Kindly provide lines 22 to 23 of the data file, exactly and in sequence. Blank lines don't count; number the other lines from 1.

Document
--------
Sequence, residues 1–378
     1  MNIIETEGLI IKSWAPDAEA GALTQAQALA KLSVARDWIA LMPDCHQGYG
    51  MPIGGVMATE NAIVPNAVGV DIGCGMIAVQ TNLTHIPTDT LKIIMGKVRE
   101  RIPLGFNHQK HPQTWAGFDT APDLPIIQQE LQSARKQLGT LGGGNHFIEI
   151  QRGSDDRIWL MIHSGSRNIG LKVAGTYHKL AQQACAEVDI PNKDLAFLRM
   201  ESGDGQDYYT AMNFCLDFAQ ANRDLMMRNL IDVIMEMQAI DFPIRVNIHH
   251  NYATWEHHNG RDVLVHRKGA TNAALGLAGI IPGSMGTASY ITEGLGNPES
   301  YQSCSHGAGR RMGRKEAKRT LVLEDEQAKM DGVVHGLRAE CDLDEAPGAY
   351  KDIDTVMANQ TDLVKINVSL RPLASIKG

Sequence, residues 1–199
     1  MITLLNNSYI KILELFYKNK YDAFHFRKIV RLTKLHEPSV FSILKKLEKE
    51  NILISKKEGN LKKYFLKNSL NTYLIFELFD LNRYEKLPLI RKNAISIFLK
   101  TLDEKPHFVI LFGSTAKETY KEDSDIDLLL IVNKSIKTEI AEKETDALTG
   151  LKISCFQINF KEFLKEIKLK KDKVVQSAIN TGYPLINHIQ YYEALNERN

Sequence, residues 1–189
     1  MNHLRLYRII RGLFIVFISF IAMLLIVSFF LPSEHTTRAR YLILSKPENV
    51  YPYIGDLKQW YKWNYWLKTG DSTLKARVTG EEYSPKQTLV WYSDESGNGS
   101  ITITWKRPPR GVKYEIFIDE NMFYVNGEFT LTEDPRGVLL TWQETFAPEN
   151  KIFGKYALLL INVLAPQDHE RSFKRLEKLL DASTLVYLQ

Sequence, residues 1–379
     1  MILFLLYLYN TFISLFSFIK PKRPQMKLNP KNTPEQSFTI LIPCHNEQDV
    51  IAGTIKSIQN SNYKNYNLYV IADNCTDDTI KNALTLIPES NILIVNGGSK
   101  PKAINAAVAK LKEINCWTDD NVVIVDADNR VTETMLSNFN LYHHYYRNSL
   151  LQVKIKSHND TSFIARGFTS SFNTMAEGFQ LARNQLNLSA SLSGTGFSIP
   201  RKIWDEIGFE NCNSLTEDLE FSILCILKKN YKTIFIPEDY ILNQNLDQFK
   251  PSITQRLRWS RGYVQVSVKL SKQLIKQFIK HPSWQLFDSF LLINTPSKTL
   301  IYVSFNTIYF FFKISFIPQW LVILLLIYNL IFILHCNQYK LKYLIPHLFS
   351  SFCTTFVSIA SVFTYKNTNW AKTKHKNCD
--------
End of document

    51  IAGTIKSIQN SNYKNYNLYV IADNCTDDTI KNALTLIPES NILIVNGGSK
   101  PKAINAAVAK LKEINCWTDD NVVIVDADNR VTETMLSNFN LYHHYYRNSL